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Title: "Whistleblower Protection" for Offshore Oil Workers
Vote Smart's Synopsis:
Vote to pass a bill that establishes "whistleblower protections" for individuals engaged in work on or in waters above the Outer Continental Shelf.
- Defines "employee" as an individual performing services, or applying to perform services, on behalf of an employer that is engaged in activities on or in waters above the Outer Continental Shelf related to 1 of the following (Sec. 3):
- Exploration, development, production, processing, or transportation of oil or gas; or
- Oil spill cleanup, emergency response, environmental surveillance, protection, restoration, or other oil spill activities related to occupational safety and health.
- Prohibits employers from terminating or discriminating against an employee because the employee did any of the following (Sec. 2):
- Providing, causing to provide, or being about to provide to the employer or a federal or state government official information on any act or omission that the employee "reasonably believes" to be a violation of any provisions of the Outer Continental Shelf Lands Act (43 U.S.C. 1301 et seq.);
- Exercising any rights provided to employees under the Outer Continental Shelf Lands Act;
- Testifying, assisting, or participating in a proceeding, including a Congressional hearings, concerning an alleged violation of the Outer Continental Shelf Lands Act;
- Reporting an illness, injury, or "unsafe condition" related to the employer's activities to the employer or a state or federal government official;
- Refusing to perform duties, or exercising stop work authority, if the employee had a "good faith belief" that performing such duties could result injury, impairment of health, or cause an oil spill, meaning a "reasonable" individual under the same circumstance would conclude there is such a hazard; or
- Objecting to, or refusing to participate in any activity, policy, practice, or assigned task that the employee "reasonably" believes to be in violation of the Outer Continental Shelf Lands Act.
- Authorizes employees to file complaint with the Secretary of Labor alleging a termination or discrimination in violation of the aforementioned prohibitions within 180 days of the alleged violation or the date on which he or she "should reasonably have known" about the violation, and requires the Secretary to initiate an investigation within 90 days of receiving a complaint to determine if there is "reasonable cause" that a violation has occurred (Sec. 2).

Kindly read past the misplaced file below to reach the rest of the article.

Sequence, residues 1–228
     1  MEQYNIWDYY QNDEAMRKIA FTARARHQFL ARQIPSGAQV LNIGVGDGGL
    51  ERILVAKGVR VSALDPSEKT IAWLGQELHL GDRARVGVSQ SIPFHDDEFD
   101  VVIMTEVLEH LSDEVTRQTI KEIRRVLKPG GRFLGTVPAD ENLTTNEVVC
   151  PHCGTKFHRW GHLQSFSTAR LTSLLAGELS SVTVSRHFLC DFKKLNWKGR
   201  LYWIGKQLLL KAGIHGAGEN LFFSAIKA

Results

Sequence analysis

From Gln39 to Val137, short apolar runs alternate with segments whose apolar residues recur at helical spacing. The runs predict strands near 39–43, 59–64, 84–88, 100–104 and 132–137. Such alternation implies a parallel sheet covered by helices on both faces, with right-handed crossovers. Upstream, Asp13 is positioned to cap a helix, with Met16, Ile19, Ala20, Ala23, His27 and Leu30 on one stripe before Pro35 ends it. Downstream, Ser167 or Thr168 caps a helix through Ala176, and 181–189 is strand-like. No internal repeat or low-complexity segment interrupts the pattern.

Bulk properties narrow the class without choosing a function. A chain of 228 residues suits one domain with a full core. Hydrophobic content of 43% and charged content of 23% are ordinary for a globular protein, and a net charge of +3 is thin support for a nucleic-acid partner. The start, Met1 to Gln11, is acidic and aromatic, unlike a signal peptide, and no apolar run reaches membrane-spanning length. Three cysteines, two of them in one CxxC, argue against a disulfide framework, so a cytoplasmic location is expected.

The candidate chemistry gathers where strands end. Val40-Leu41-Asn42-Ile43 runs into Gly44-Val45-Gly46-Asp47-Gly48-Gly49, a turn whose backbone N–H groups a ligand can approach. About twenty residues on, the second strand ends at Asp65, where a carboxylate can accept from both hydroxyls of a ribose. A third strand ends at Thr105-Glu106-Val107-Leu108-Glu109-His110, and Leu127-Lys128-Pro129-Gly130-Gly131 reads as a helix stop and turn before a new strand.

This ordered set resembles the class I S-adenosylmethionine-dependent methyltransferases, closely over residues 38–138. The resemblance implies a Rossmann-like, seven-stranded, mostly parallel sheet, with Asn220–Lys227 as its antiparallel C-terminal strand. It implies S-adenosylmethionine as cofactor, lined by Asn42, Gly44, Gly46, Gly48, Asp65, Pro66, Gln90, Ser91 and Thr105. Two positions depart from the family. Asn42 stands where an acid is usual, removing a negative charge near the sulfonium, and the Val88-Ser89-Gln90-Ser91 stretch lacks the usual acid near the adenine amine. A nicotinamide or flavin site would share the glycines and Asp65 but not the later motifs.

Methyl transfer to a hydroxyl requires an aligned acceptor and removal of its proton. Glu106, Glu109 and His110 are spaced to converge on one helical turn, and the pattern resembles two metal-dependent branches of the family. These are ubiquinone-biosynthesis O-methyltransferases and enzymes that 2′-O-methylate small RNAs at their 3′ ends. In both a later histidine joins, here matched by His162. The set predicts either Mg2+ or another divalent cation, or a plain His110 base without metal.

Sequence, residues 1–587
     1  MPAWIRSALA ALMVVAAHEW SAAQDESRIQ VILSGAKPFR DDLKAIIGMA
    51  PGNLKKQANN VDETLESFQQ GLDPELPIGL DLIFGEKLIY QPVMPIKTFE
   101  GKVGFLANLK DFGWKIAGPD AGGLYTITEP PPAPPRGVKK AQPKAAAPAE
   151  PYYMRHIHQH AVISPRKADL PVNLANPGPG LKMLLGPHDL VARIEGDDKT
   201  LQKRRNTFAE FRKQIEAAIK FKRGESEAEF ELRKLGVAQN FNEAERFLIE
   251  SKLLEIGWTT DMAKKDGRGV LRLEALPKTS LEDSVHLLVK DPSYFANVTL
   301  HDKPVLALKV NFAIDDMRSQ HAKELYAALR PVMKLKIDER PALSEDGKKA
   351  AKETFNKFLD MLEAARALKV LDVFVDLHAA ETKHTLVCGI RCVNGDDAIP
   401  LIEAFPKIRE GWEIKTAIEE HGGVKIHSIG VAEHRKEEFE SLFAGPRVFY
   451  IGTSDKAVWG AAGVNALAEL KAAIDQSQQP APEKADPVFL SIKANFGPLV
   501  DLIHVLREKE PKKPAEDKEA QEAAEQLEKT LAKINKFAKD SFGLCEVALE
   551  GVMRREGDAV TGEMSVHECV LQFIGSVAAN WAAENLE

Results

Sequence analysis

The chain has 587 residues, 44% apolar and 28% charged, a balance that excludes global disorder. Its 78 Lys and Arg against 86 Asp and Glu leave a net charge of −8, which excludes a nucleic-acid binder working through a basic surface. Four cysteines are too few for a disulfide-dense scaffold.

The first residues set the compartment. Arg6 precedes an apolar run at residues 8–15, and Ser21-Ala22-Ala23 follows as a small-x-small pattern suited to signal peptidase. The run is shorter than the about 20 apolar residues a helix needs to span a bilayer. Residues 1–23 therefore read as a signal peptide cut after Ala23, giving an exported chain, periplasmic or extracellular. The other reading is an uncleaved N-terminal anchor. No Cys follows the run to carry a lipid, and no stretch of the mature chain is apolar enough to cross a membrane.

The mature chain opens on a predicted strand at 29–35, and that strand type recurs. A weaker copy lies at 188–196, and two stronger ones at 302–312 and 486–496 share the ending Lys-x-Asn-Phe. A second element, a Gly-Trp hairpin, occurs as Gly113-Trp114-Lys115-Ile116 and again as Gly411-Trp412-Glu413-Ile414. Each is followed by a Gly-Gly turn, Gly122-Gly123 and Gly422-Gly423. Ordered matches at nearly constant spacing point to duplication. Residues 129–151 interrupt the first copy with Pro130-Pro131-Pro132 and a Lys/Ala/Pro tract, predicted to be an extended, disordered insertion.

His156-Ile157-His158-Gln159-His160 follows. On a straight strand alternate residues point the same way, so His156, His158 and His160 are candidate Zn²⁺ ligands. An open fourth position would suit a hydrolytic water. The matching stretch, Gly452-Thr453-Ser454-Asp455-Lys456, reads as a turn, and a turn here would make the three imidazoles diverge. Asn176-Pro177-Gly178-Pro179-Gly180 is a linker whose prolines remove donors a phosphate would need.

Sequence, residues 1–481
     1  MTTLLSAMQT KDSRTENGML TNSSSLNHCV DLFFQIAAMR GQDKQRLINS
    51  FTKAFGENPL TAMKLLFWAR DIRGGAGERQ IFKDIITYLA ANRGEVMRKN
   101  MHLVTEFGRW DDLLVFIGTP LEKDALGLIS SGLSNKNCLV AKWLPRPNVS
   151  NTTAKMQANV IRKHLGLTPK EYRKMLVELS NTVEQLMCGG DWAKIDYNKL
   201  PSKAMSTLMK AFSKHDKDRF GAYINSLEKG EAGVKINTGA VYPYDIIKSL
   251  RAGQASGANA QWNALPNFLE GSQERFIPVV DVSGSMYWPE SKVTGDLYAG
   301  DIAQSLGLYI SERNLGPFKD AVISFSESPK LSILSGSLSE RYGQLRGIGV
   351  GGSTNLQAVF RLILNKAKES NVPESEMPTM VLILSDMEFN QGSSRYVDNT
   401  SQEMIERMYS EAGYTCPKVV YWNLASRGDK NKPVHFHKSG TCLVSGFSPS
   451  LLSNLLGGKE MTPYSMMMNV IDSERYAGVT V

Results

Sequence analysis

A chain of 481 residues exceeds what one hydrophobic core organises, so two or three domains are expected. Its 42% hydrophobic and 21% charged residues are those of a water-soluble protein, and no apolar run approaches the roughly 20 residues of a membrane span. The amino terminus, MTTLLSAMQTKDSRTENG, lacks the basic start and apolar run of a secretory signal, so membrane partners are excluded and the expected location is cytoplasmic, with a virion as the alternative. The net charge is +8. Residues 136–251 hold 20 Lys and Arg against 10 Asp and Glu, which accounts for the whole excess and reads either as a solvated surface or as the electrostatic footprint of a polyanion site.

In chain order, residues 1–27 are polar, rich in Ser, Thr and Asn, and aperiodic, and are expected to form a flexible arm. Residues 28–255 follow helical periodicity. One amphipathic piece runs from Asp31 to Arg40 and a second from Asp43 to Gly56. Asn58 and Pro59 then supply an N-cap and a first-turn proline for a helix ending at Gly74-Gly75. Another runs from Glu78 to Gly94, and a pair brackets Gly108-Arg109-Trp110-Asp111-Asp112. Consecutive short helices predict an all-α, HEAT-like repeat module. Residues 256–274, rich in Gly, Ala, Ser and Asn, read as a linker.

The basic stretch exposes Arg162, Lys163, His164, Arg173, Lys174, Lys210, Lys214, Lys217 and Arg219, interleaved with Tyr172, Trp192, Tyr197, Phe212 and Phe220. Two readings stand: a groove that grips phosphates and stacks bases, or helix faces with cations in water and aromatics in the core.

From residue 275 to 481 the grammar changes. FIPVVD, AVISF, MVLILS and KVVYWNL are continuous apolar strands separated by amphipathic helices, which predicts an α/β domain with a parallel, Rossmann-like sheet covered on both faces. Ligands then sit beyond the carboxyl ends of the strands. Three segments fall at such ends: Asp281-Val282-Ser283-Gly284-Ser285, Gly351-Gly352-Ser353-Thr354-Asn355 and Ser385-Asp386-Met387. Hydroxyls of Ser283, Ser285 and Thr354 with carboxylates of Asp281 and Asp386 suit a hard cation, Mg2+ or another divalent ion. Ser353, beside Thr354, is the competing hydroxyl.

- Requires the Secretary of Labor or, if a hearing is requested, an administrative judge to order employers to do the following if it is determined that a violation occurred (Sec. 2):
- Take affirmative action to abate the violation;
- Reinstate the employee to his or her former position together with compensation (including back pay and prejudgment interest), and restore the terms, conditions, and privileges associated with his or her employment; and
- Provide compensatory and consequential damages, and exemplary damages if the judge determines it's appropriate.
- Authorizes employers to request a hearing before an administrative law judge of the Department of Labor if the Secretary of Labor concludes that there is "reasonable cause" that a violation has occurred within 30 days of such determination, and requires the judge to issue findings within 90 days of the receipt of a request for a hearing (Sec. 2).
- Authorizes employers to appeal a determination made by the Secretary of Labor or an administrative judge of the Department of Labor that a violation had occurred, and authorizes the Secretary to designate such an appeal to a review board (Sec. 2).
- Authorizes the Secretary of Labor to require an employee pay the employer's attorney fees if the Secretary determines the complaint to be "frivolous" or to have been brought in "bad faith," provided that such payment does not exceed $1,000 (Sec. 2).